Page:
On Dec. 17, Kentucky freshman Malik Monk put together one of the best collegiate shooting performances in recent memory, in what was easily the best game of the young season. Monk single handedly willed the Wildcats to a victory over No. 7 North Carolina, dropping an unconscious 47 points (a new Kentucky freshman record) on 18-28 shooting from the field and 8-12 from three-point range.
Just four days later, the 18-year-old put up a dud against No. 10 Louisville, getting many of the same looks as he did against UNC, yet only converting on six of his 17 attempts, and just one three-pointer.
That is the peril of being a gunner cut from the same cloth as the likes of Lou Williams, J.R. Smith, and Jamal Crawford: some nights you’re more of a bricklayer than a bucket getter.
Despite the apparent flaws of employing that style of play, there’s undoubtedly a place in the NBA for someone with Monk’s skill set, and he’s a player the Sixers should and likely will target in the 2017 NBA Draft.
Even with the poor shooting performance against Louisville, Monk’s still putting up insane numbers. He’s averaging 21.4 points per game and shooting 39.4 percent from beyond the arc on 8.3 attempts per game. Outside shooting has been and will continue to be his bread and butter, and he’s shown a proficiency getting those baskets in a multitude of ways.
Kentucky does a good job of using their bigs as screeners to provide Monk with catch-and-shoot looks from different spots on the floor.
Even when tightly contested, Monk rarely seems to have trouble getting a clean look. He typically steps into his shot, explodes off the ground like his knee ligaments are made of springs, and his high release point makes his shots nearly impossible to block. It’s no surprise he not only has one of the most efficient jumpers in basketball, but also one of the prettiest to watch.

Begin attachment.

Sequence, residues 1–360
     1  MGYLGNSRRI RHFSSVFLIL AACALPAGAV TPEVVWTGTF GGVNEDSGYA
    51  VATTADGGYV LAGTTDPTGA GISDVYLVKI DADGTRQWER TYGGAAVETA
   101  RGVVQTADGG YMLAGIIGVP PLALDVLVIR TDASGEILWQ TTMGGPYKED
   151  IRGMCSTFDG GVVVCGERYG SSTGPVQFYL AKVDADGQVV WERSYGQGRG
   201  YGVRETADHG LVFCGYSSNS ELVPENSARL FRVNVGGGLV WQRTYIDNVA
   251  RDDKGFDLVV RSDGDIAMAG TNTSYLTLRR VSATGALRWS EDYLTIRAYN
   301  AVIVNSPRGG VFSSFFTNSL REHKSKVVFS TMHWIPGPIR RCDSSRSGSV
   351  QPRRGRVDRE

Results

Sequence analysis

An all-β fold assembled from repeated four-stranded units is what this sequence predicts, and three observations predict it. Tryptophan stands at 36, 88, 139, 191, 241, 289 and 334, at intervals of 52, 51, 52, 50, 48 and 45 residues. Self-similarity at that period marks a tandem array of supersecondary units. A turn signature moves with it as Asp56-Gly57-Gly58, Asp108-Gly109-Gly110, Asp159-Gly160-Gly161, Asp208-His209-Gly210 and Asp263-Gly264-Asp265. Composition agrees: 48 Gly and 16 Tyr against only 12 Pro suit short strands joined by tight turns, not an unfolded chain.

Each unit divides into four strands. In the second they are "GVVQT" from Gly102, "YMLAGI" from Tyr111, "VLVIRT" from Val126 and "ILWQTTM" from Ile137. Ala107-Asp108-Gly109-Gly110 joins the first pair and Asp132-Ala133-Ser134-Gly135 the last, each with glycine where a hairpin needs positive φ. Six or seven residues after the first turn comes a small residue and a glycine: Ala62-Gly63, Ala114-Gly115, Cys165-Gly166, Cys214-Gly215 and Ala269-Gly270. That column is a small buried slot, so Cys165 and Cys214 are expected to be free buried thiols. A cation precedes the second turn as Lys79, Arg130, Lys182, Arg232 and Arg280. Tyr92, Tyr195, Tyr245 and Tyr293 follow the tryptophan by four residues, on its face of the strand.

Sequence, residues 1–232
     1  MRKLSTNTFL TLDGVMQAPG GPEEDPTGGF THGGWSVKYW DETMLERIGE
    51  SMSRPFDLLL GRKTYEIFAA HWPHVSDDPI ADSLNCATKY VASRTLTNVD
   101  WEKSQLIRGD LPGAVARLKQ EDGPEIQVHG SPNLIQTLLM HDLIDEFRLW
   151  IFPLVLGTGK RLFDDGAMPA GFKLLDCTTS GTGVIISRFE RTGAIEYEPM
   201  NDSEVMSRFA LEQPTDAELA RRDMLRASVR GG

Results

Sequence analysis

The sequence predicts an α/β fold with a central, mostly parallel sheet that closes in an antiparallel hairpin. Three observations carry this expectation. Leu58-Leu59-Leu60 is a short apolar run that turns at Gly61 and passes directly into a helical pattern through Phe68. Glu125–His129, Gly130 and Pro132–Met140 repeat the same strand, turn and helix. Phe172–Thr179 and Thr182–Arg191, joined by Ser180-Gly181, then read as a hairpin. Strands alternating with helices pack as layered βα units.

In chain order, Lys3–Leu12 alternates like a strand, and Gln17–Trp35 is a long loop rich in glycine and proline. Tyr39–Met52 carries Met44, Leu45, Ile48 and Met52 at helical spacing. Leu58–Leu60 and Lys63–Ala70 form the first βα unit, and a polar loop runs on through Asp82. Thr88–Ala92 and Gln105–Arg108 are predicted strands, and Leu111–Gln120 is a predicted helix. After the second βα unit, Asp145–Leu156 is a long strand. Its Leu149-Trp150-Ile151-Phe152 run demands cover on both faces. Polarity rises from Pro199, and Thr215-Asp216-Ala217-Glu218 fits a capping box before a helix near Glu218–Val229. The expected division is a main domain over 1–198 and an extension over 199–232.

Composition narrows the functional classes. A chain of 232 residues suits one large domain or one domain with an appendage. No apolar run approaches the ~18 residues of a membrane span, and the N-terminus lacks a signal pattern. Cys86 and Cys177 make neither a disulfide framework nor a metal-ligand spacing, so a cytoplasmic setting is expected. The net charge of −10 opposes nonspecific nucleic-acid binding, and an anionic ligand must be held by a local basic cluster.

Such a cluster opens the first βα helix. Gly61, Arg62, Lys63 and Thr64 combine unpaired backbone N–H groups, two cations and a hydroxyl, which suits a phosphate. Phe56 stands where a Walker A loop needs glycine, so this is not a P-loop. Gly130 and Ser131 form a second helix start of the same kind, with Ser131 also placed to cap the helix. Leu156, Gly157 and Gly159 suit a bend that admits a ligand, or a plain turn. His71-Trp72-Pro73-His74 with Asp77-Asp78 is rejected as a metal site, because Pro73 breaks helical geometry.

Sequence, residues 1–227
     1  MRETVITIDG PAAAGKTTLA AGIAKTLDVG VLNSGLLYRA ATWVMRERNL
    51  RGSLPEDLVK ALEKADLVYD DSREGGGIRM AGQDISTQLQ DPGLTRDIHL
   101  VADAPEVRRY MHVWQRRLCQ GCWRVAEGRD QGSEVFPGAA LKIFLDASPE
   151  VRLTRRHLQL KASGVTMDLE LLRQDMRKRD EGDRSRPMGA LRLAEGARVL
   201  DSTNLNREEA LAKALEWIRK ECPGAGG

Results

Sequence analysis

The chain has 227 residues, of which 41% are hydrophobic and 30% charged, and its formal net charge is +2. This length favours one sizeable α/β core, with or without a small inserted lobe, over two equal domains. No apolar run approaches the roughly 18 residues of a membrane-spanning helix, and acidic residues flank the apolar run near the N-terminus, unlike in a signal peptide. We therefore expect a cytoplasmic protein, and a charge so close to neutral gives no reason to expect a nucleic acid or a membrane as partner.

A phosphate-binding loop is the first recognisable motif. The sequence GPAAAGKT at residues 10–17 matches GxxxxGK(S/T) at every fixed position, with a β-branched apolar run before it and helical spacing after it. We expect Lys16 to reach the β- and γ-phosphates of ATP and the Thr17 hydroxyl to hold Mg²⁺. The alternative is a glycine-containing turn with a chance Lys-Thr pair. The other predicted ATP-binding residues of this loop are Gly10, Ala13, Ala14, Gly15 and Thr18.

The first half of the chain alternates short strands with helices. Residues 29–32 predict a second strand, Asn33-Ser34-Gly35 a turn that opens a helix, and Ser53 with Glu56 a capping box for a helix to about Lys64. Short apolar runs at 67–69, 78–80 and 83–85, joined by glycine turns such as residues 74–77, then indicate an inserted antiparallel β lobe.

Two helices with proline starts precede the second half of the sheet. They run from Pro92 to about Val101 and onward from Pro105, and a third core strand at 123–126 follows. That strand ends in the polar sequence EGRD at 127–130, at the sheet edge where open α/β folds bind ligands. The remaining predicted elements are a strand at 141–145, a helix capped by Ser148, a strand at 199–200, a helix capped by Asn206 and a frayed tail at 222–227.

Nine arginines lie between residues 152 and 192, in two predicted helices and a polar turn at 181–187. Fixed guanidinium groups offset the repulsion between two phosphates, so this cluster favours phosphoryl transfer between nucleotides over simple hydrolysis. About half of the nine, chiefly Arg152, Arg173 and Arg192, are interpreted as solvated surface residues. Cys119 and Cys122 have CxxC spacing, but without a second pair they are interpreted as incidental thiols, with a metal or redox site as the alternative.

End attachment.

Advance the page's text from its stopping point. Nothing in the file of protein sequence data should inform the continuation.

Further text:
Outside of his strengths as a catch-and-shoot perimeter threat, what makes Monk so special is his ability to create scoring opportunities for himself off the dribble. While he rarely gets to the rack in half court sets (more on that later), Monk does a good job of keeping defenders guessing and he rises up quickly to get his shot off.
Again, the high release point certainly helps, because even when he struggles to create separation, the hand in his face doesn’t necessarily phase him.
Monk is also smart enough to realize he’ll be the recipient of a hard closeout every time he touches the ball, and is effectively using ball fakes to provide himself easier shots off the dribble.
The floater hasn’t become a huge portion of his game yet, although I certainly think it’ll be one of the many useful tools in his bag of tricks. He’s got great touch, and shots like these sort of remind me of an older Jamal Crawford.
Monk’s step-back jumper is easily the most elite move in his bag of tricks, and he displays it consistently. The separation he’s able to create is unreal for someone at his age, and he’ll only get even better at it, especially when he learns to become more of a north-south player as opposed to east-west.
Although he focuses basically all of his efforts in the half court to either getting off a three, or a pull-up jumper at either the foul line or the baseline, there’s room to believe he can become a good finisher at the rim as well.
Monk’s been really good at pushing the ball in transition, and when his jumpers weren’t falling for him against Louisville, he used his burst to get some quality looks around the basket.
Monk doesn’t get to the rim often in the half court, but loves getting out on the break. With an open court to his advantage, he’s proven to be a solid and creative finisher around the rim.
The key to his development as a well-rounded threat will be to put more of an emphasis on playing downhill as opposed to settling for the long contested twos he covets.
Which leads us to his downside: Malik Monk’s shot selection is really bad. That ridiculous jumper from the top of the key he made against UNC with Justin Jackson draped all over him? Maybe not his best idea. The three he splashed against Cleveland State from right in front of the UK logo with 21 seconds left on the shot clock? Probably not a great decision. Just because they fall doesn’t make them good looks, and his willingness to chuck up any shot from anywhere is a tad bit concerning. It’s even worse when he’s foregoing some obvious passes to do it, like against UCLA, where he took (and somehow made) this tough shot over two defenders while ignoring a wide open Wenyen Gabriel in the corner.